When I heard the word, Fever, and when I remembered, at the same moment, that the unscrupulous person who was now addressing me had just come from Blackwater Park, I thought I should have fainted on the spot.
"Good God!" I said. "Is it infectious?"
"Not at present," he answered, with detestable composure. "It may turn to infection—but no such deplorable complication had taken place when I left Blackwater Park. I have felt the deepest interest in the case, Mr. Fairlie—I have endeavoured to assist the regular medical attendant in watching it—accept my personal assurances of the uninfectious nature of the fever when I last saw it."
Accept his assurances! I never was farther from accepting anything in my life. I would not have believed him on his oath. He was too yellow to be believed. He looked like a walking-West-Indian-epidemic. He was big enough to carry typhus by the ton, and to dye the very carpet he walked on with scarlet fever. In certain emergencies, my mind is remarkably soon made up. I instantly determined to get rid of him.
"You will kindly excuse an invalid," I said—"but long conferences of any kind invariably upset me. May I beg to know exactly what the object is to which I am indebted for the honour of your visit?"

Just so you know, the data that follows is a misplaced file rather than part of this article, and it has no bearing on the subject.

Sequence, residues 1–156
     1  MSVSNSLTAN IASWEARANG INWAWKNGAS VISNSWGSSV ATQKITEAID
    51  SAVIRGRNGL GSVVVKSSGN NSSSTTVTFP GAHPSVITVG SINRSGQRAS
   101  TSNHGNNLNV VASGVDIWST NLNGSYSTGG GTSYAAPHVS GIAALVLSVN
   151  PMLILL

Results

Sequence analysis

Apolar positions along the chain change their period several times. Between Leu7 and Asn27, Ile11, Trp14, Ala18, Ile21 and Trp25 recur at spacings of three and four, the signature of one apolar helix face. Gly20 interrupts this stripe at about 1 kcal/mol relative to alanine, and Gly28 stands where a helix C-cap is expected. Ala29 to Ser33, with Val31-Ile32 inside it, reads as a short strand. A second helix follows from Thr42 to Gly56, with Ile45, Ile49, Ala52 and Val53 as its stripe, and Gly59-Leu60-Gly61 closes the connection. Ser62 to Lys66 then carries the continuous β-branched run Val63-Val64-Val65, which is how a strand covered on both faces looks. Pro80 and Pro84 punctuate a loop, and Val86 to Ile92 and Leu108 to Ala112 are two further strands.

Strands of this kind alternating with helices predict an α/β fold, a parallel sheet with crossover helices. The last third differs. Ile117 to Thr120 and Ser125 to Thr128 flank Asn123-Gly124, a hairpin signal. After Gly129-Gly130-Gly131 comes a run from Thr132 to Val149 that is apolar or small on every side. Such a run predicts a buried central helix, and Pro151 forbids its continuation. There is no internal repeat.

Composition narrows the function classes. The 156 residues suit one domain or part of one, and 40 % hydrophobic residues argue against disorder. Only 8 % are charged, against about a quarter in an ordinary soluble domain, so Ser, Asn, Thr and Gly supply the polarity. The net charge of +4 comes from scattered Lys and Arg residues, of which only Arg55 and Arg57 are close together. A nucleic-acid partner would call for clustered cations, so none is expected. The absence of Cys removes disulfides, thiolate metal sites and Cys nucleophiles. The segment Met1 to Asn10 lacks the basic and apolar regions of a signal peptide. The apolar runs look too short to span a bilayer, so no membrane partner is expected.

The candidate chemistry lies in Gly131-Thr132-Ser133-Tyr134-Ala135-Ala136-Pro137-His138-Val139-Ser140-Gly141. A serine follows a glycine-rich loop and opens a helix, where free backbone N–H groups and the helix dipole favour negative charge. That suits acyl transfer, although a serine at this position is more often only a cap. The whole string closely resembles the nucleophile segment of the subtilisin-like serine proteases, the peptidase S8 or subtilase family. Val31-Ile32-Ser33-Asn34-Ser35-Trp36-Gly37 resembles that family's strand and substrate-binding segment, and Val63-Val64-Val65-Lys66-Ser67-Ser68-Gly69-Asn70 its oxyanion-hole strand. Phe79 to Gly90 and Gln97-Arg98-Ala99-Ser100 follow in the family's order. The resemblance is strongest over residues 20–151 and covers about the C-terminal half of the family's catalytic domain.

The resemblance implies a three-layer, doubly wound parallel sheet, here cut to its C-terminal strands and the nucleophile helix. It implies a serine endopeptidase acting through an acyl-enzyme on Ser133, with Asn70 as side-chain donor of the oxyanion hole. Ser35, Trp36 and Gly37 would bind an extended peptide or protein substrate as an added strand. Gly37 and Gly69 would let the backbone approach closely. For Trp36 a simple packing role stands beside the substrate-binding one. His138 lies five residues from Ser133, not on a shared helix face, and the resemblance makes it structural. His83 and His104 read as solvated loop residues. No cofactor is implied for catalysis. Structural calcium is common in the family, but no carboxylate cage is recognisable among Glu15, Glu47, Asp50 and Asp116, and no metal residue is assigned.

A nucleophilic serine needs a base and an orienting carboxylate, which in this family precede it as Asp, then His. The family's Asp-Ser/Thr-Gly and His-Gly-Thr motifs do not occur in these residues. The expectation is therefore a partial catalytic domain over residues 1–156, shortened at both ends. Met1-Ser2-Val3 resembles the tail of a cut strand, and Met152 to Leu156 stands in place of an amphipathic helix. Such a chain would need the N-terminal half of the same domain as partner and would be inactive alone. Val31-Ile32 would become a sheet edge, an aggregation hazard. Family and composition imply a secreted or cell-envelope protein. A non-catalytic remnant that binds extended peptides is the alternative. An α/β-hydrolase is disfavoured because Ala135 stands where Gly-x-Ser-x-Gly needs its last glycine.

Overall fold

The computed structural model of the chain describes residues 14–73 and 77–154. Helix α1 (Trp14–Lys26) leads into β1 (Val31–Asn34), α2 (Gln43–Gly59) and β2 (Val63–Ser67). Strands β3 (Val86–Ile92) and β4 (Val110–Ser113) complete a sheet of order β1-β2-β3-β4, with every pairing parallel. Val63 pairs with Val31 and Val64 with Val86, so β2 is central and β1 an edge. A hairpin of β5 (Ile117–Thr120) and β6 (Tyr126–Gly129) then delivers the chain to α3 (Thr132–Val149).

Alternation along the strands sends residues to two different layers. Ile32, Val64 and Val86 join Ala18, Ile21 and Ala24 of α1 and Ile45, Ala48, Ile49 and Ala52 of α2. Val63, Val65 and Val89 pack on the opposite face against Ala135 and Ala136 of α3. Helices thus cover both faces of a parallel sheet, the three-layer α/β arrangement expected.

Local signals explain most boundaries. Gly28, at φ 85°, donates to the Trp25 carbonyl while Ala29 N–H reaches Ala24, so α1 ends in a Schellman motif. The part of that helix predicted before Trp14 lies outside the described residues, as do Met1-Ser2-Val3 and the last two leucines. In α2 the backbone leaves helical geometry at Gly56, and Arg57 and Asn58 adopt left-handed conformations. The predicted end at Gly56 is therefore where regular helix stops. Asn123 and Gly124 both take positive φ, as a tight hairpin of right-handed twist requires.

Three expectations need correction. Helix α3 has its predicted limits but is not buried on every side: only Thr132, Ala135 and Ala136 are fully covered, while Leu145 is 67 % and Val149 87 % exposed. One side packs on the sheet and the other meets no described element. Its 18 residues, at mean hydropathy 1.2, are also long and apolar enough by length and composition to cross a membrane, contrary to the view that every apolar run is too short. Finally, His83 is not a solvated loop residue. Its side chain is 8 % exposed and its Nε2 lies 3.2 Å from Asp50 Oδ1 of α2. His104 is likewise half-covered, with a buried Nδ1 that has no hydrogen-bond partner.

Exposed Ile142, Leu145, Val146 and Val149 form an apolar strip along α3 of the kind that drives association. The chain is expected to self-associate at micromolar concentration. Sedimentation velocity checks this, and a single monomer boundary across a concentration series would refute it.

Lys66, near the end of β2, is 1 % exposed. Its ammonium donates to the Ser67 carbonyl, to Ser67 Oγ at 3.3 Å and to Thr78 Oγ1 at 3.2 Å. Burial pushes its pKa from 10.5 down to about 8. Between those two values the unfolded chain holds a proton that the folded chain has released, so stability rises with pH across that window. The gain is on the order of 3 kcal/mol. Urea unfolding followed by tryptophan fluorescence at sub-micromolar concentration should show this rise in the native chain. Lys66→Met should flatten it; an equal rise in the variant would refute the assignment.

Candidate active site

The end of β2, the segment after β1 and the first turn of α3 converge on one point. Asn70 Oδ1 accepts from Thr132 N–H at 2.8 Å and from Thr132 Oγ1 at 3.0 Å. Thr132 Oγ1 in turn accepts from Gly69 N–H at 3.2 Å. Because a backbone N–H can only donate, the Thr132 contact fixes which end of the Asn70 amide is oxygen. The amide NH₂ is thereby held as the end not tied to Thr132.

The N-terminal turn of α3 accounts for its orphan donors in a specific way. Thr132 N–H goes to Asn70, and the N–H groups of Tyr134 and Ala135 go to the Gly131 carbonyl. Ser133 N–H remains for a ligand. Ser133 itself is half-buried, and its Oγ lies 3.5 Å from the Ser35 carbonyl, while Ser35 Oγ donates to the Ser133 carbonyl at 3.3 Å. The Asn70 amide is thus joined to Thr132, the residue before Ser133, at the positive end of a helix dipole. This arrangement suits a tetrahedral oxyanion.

I fervently hoped that this remarkably broad hint would throw him off his balance—confuse him—reduce him to polite apologies—in short, get him out of the room. On the contrary, it only settled him in his chair. He became additionally solemn and dignified and confidential. He held up two of his horrid fingers, and gave me another of his unpleasantly penetrating looks. What was I to do? I was not strong enough to quarrel with him. Conceive my situation, if you please. Is language adequate to describe it? I think not.
"The objects of my visit," he went on, quite irrepressibly, "are numbered on my fingers. They are two. First, I come to bear my testimony, with profound sorrow, to the lamentable disagreements between Sir Percival and Lady Glyde. I am Sir Percival's oldest friend; I am related to Lady Glyde by marriage; I am an eye-witness of all that has happened at Blackwater Park. In those three capacities I speak with authority, with confidence, with honourable regret. Sir! I inform you, as the head of Lady Glyde's family, that Miss Halcombe has exaggerated nothing in the letter which she wrote to your address. I affirm that the remedy which that admirable lady has proposed, is the only remedy that will